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Welcome Remarks

by
Shirley Ann Jackson, Ph.D.
President, Rensselaer Polytechnic Institute

OMSA Awards Ceremony
Heffner Alumni House, Great Hall
Rensselaer Polytechnic Institute, Troy, New York

Sunday, April 17, 2005


Good afternoon and welcome to the Office of Minority Student Affairs Awards Ceremony. For more than a quarter of a century, this wonderful event has been a high point of the academic Rensselaer year. It is a time to celebrate excellence in academics, excellence in leadership, excellence in service, and excellence in personal character. In fact, these four attributes intersect, and reinforce, each other.

The men and women honored today have been chosen for their accomplishments, for their contributions to the Rensselaer community, and for their perseverance.

I offer my congratulations to each of you — and to the parents, friends, teachers, and mentors who have guided and encouraged you along the way.

On many occasions, you have heard me speak about excellence, about leadership, about service to others, about integrity and strength of character, about setting lofty goals and pushing yourselves to achieve them. Those are the basic ingredients of success and fulfillment in life.

But what about opportunity? Disappointment? Doors opened and doors closed?

These, too, shape our essential makeup and character. How well one adapts and adjusts to unanticipated setbacks and blessings can be as important as how well one plans one's future.

I am often asked about my career path.

To be honest, when I was an undergraduate student, I had no idea that one day I would be here with you. I knew that I loved science and mathematics, and that I was good at them, and, later — in college — that I wanted to pursue a career in physics. But, did I know that I would be offered the opportunity to become a professor of theoretical physics at Rutgers University? Did I realize that my interest in physics would extend into related aspects of science policy, and its impact on economic and technological development? Did I foresee that my education, preparation, and experiences would lead me to be appointed by President Bill Clinton to be the Chairman of the United States Nuclear Regulatory Commission, or to be the president of a major research university, or to hold any of a variety of policy-making and leadership positions which I now hold?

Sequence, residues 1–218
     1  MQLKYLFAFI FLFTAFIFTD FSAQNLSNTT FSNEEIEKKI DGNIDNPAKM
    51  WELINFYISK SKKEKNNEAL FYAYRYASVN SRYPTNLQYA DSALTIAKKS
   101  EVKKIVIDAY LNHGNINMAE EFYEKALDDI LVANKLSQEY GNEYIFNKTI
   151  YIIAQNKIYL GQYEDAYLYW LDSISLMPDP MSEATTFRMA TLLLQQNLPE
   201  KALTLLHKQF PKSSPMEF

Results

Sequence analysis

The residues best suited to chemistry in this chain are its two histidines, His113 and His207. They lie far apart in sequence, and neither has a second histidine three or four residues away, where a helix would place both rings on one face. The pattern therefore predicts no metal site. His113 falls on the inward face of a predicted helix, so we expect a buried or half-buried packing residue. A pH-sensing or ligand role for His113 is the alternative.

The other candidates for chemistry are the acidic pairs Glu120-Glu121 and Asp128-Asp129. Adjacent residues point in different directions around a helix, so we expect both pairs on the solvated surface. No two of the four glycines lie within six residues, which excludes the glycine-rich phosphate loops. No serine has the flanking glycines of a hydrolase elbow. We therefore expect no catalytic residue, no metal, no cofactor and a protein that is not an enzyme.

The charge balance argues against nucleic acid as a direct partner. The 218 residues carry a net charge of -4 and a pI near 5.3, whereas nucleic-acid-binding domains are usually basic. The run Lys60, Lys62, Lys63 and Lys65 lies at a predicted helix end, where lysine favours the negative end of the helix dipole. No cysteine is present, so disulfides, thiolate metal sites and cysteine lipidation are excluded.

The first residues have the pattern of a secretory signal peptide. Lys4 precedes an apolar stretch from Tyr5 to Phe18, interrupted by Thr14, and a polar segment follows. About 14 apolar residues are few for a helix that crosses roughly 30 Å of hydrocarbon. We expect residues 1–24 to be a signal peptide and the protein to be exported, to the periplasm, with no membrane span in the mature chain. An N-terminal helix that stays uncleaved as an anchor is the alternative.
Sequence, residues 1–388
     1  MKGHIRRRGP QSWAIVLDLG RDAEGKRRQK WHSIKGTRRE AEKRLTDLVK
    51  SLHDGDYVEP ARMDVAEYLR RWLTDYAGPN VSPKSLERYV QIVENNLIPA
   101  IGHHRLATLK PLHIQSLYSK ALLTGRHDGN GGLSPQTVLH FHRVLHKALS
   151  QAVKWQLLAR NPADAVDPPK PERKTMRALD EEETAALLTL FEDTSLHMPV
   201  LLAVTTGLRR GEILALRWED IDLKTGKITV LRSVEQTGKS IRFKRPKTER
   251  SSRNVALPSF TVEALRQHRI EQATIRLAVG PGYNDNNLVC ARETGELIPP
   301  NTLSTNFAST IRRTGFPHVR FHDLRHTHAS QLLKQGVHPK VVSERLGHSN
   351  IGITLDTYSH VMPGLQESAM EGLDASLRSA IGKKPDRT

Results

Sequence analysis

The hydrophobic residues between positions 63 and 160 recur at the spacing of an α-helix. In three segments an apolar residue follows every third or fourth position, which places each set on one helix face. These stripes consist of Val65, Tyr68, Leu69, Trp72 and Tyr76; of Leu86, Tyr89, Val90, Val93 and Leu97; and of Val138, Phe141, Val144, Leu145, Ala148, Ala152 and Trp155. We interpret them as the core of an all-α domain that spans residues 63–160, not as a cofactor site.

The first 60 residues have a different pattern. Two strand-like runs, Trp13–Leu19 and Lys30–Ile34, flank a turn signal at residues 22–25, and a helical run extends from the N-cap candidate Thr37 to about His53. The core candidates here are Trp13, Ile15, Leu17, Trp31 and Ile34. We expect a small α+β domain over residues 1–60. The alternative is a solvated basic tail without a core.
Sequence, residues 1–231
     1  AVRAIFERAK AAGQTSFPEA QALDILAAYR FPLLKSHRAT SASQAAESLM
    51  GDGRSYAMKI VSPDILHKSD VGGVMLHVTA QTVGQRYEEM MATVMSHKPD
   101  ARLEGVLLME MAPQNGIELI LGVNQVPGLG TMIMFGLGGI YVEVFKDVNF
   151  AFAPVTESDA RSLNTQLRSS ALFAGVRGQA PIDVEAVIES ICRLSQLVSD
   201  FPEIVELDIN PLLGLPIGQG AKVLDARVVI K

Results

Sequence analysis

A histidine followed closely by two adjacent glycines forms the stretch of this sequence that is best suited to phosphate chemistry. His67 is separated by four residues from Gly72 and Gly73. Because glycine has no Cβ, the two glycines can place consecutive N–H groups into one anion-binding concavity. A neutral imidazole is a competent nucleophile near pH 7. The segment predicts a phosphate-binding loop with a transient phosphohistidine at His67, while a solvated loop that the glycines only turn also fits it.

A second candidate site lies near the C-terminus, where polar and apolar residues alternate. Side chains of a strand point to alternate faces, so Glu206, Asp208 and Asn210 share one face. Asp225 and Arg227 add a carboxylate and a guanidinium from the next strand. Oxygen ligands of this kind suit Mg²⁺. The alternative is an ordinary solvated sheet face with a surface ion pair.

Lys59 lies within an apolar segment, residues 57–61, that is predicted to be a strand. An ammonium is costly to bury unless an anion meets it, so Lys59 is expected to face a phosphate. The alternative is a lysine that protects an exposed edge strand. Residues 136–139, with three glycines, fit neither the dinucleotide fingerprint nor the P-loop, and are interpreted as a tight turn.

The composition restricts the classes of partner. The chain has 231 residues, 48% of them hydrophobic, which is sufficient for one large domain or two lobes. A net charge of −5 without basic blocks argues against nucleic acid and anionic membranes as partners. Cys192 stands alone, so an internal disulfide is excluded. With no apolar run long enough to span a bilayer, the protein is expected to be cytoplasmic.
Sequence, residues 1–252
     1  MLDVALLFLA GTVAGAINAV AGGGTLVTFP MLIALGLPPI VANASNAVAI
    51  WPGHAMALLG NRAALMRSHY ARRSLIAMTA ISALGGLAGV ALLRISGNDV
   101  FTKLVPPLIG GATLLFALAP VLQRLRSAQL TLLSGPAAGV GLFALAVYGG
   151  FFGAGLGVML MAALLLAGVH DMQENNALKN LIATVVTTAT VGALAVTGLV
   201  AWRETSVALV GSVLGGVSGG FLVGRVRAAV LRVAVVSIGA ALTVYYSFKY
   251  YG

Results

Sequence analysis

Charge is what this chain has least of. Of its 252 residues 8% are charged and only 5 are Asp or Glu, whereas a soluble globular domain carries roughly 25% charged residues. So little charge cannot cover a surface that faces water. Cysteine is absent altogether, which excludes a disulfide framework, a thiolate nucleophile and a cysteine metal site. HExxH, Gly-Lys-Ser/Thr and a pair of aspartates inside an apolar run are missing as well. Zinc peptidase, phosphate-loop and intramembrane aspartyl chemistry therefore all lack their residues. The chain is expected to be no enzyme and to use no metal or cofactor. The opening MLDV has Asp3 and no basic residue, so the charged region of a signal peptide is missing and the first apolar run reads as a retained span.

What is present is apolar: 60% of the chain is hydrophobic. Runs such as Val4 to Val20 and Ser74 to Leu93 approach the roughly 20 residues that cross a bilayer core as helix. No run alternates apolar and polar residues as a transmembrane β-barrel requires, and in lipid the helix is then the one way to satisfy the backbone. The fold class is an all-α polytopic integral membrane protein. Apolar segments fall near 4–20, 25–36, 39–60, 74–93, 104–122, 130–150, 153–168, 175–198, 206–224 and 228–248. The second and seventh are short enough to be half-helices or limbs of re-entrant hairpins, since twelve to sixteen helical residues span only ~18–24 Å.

No. I could not have known.

No one can know for sure what opportunities life will offer. One can be sure, however, that excellent preparation, self-discipline, and good character will lead to numerous opportunities. One can be sure, in addition, that achievement in one area will lead to other, sometimes totally unanticipated, opportunities. Take great care in preparing yourselves to succeed, but remain open and interested in related areas, also, and do not limit your options by planning too rigidly.

To illustrate, I would like to relate a story — a true story — about how our grandest aspirations may by shortsighted. This is how the story goes; it is a quote:

"When I was a small boy in Kansas, a friend of mine and I went fishing, and as we sat there in the warmth of a summer afternoon on a riverbank, we talked about what we wanted to do when we grew up. I told him that I wanted to be a real major league baseball player, a genuine professional like Honus Wagner. My friend said that he'd like to be President of the United States. Neither of us got our wish."

The author of the memoir was Dwight D. Eisenhower, Supreme Commander of Allied Forces in Europe during World War II and 34th President of the United States. Eisenhower did play baseball as a young man, but he was terribly disappointed when he failed to make the varsity team at West Point. His hero, Honus Wagner, was one of the five original inductees into the Baseball Hall of Fame, a great accomplishment, but one that does not compare to the liberation of Europe.

This afternoon, we honor your accomplishments here at Rensselaer, and, in so doing, we celebrate the promise you represent of even greater accomplishments in the days and years ahead. Continue to pursue excellence in all that you do, set lofty goals, persevere through adversity, but, above all, be sure to leave yourself open to the wonderful, unexpected opportunities that await you.

Always aim high!


Source citations are available from the division of Strategic Communications and External Relations, Rensselaer Polytechnic Institute. Statistical data contained herein were factually accurate at the time it was delivered. Rensselaer Polytechnic Institute assumes no duty to change it to reflect new developments.

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